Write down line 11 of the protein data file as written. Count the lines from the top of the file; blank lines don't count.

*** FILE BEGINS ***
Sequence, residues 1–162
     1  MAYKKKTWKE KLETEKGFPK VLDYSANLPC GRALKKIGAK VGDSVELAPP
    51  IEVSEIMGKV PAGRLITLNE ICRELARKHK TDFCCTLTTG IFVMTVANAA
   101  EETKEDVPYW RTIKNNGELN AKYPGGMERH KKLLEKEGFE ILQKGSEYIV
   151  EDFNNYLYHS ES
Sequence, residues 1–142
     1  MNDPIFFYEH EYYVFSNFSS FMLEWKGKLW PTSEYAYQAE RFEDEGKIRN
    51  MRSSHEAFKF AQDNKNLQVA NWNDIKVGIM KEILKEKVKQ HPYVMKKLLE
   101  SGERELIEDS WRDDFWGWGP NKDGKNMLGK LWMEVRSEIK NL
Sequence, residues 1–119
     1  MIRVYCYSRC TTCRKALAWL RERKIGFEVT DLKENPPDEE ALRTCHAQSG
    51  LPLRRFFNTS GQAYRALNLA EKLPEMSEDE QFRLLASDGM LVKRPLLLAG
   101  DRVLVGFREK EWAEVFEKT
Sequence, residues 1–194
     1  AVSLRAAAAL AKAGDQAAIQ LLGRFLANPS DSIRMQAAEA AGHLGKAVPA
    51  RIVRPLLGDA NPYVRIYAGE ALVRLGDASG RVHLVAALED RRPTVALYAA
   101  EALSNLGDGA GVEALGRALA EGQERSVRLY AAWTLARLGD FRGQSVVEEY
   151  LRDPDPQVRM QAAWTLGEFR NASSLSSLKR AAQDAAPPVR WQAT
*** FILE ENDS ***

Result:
     1  MIRVYCYSRC TTCRKALAWL RERKIGFEVT DLKENPPDEE ALRTCHAQSG